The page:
Animal preparation

Pigs were premedicated with an intramuscular injection of xylazine 2% (0.7 mg kg−1), ketamine (17 mg kg−1), and droperidol (0.17 mg kg−1). Surgical preparation was performed in the supine position under continuous general anesthesia by propofol (7 mg kg h−1) and fentanyl (10 µg kg h−1). Body temperature was maintained constant at 38 ± 1 °C using a heating pad.

A 6.0 tracheal tube was introduced via median surgical tracheotomy, secured hermetically after cuff inflation, and connected to a HAMILTON-C6 ventilator (Hamilton Medical AG, Bonaduz, SWITZERLAND). Mechanical ventilation was initially performed through a heated humidifier (HAMILTON-H900, Hamilton Medical AG, Bonaduz, SWITZERLAND) in volume-controlled mode, constant inspiratory flow, tidal volume (VT) 10 mL kg−1, inspired fraction of oxygen (FiO2) 50%, PEEP 5 cm H2O and respiratory rate adjusted to achieve normocapnia. Muscle relaxation was obtained with cisatracurium (30 mg h−1).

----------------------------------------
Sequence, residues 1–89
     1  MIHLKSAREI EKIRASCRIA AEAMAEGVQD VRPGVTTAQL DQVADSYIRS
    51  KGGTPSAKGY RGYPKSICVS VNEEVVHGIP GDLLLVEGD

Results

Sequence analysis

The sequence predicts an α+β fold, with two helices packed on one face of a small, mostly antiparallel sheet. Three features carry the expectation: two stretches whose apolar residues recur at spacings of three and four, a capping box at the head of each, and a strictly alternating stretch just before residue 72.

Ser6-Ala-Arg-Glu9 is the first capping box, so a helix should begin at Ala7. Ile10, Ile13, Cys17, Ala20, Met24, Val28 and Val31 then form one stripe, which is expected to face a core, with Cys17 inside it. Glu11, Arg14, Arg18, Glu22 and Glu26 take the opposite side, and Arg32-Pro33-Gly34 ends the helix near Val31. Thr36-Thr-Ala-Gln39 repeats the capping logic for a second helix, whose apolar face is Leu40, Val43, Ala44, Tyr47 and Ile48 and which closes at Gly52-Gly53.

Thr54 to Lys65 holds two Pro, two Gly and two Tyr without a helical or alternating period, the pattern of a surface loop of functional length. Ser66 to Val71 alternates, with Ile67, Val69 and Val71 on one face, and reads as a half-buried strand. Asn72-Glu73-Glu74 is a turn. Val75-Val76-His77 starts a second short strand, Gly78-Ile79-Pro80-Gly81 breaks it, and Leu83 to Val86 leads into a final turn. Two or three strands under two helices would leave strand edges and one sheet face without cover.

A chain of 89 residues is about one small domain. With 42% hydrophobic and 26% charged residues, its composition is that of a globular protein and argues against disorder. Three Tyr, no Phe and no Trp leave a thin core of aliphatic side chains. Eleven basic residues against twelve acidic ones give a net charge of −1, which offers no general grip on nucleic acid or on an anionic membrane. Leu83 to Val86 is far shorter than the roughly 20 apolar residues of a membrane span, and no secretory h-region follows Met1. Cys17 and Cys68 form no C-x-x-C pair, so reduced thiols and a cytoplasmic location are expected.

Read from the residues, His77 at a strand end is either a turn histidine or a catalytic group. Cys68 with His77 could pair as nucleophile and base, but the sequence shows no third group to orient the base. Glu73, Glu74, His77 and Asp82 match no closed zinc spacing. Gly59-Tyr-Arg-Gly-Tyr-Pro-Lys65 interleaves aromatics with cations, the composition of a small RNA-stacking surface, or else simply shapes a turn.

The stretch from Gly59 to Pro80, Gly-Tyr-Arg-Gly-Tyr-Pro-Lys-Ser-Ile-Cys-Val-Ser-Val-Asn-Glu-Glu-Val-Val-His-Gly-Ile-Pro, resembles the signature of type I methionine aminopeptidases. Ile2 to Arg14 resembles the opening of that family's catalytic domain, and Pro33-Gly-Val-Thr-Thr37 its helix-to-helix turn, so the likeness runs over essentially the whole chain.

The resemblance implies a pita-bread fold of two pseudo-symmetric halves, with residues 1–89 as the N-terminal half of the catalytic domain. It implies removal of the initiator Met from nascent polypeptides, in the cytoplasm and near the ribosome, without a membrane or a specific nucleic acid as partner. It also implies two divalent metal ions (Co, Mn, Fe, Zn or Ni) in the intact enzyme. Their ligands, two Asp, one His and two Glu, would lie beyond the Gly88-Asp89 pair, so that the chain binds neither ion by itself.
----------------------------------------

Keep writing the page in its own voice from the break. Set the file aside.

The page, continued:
The left jugular vein was surgically cannulated with a 3 lm 8.5 Fr catheter (model Arrow # CV-12853, Teleflex, Wayne, PA, USA) for drug administration. A 7-french pulmonary artery catheter (model #131F7, Edwards, Irvine, CA, USA) was advanced through the right external jugular vein to assess central venous pressure, pulmonary artery pressure and cardiac output. The left carotid artery was surgically cannulated with an 8.5 Fr catheter for continuous monitoring of arterial blood pressure.

Experimental protocol (Fig. 1)

Fig. 1
figure1

Experimental protocol. ABG arterial blood gas, ARM  alveolar recruitment maneuver, CT computed tomography, FiO2 fraction of inspired oxygen, Hemod. Meas. hemodynamic measurements, MBN multiple breath nitrogen, PEEP positive end-expiratory pressure; Resp. mechanics respiratory mechanics measurements. * refers to MBNW replicates performed in all experimental conditions on 5 pigs of the study